Goodnight Punpun Volume 4 Review

goodnight punpun volume 4Title: Goodnight Punpun Vol. 4
Author: Inio Asano
Publisher: Viz Media
Language: English
Format: Paperback
Pages: 456
Genre: Slice of Life, Drama
Publication Date: December 20, 2016

Punpun is on his own now. His mother is dead and his father is useless. Living in his first apartment, Punpun finds himself lying on the floor most of the time, wishing he didn’t exist. But that’s life, Punpun. It sucks until you do something about it. One day he spots Aiko and his life changes trajectory. 

The Story

Josh’s Thoughts:

The story for volume four of Goodnight Punpun shifts focus away from the side characters and places it directly on Punpun himself.  He moves out of his uncle’s home and gets his own apartment along with a part-time job.  One day while in the city, he spots Aiko as he boards a train.  He spends most of his days following a routine of working and looking for Aiko with the self promise that if he doesn’t find her by the time his two-year lease is up on his apartment, he will die; however, that all changes when he gets re-acclimated with Sachi, the person he met at the art exhibit a while ago.

I loved the change of pace because while the supporting characters are all fantastic, we finally got caught up with Punpun to see how everything that has happened so far has affected him. While it seemed like he wanted independence at first, he actually wanted to be alone.  This caused him to become an empty shell of a man and this is what this volume’s story was about:  falling into despair and finding that light at the end of the tunnel.  For a volume that’s around 450 pages, that’s pretty much the only story that it told.

The volume does do a time skip at the end and you get a sense that Punpun has begun to find his place, but then, the final pages shake things up and next volume seems to set up another test for Punpun. I can’t wait to see it!

Liz’s Thoughts:

This volume moves the camera from Punpun’s family and friends and aims it right at him. For the first time since the first volume, I feel like I really know who Punpun is. He went from a troubled little boy to a depressed, hopeless young man who really wants to be left alone. I can imagine his corpse being found, decayed and stinking after he has been dead for weeks since he makes little effort to be loved. It’s understandable; however, since he was dealt a messed up deck of cards. Fortunately, his landlord is concerned and tries to get him outside for some air to clear his mind. He eventually tries to talk Punpun into working for him, but as we know, Punpun just wants to lie on the floor and die. In a stroke of good luck, our depressed Sachi helps Punpun turn himself around.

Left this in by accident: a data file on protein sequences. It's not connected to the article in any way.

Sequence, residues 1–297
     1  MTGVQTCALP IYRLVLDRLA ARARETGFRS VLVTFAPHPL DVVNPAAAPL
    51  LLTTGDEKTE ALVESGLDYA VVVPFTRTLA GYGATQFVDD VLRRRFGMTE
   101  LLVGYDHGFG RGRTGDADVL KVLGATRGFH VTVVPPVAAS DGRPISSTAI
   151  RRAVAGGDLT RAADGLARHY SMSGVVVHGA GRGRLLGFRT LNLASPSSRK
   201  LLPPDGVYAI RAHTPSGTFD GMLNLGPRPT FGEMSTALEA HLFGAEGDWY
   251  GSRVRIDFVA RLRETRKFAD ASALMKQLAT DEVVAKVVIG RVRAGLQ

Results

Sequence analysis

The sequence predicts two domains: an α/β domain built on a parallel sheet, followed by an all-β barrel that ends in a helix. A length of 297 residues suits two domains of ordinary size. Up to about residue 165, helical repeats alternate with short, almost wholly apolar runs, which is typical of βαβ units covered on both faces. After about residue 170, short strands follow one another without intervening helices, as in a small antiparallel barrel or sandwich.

Josh’s Thoughts:

As I mentioned before, the development was spent on Punpun.  As we know, Punpun has a rough time expressing himself and usually locks all of his thoughts away in his head.  I think I’ve seen more dialogue from Punpun in this volume than I have in the last two combined.  He has learned to express himself more and more and when Sachi enters the picture, he beings to open up about himself, too.  It’s a pretty big step in his character development as it seems like the one event Punpun needed has happened, but the biggest question is if it will last.

Sachi is a pretty fun character.  We didn’t get much of her before in the previous volumes, but here we can see she is a pretty straight-forward and brash character, but she’s also kind and sensitive (to a degree) as well. Of course, much like all of Goodnight Punpun’s characters, she has a bit of a dark past, but I think this is done because it shows that nobody is perfect and that everyone has something in their past that they want to keep hidden.  Punpun doesn’t really seem to care all that much about it because his past isn’t any better.  The Sachi character really starts to grow on you and I’m enjoying her so far.  Plus, with her ambition to reignite her passion, this series is turning into a really dark and twisted version of Bakuman.